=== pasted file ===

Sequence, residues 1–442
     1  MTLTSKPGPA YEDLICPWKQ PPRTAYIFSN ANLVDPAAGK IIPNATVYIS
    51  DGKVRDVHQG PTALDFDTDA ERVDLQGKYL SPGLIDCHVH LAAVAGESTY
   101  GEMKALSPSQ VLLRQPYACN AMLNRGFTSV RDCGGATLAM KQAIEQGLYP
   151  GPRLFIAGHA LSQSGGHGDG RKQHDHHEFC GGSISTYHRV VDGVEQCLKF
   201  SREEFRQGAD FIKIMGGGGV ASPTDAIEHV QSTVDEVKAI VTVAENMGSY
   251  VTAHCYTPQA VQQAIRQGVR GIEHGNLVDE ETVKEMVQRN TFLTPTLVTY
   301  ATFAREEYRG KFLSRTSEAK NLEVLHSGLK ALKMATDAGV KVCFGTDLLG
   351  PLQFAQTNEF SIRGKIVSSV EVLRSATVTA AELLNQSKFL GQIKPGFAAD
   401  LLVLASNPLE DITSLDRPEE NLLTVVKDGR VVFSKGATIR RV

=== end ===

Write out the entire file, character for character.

Sequence, residues 1–442
     1  MTLTSKPGPA YEDLICPWKQ PPRTAYIFSN ANLVDPAAGK IIPNATVYIS
    51  DGKVRDVHQG PTALDFDTDA ERVDLQGKYL SPGLIDCHVH LAAVAGESTY
   101  GEMKALSPSQ VLLRQPYACN AMLNRGFTSV RDCGGATLAM KQAIEQGLYP
   151  GPRLFIAGHA LSQSGGHGDG RKQHDHHEFC GGSISTYHRV VDGVEQCLKF
   201  SREEFRQGAD FIKIMGGGGV ASPTDAIEHV QSTVDEVKAI VTVAENMGSY
   251  VTAHCYTPQA VQQAIRQGVR GIEHGNLVDE ETVKEMVQRN TFLTPTLVTY
   301  ATFAREEYRG KFLSRTSEAK NLEVLHSGLK ALKMATDAGV KVCFGTDLLG
   351  PLQFAQTNEF SIRGKIVSSV EVLRSATVTA AELLNQSKFL GQIKPGFAAD
   401  LLVLASNPLE DITSLDRPEE NLLTVVKDGR VVFSKGATIR RV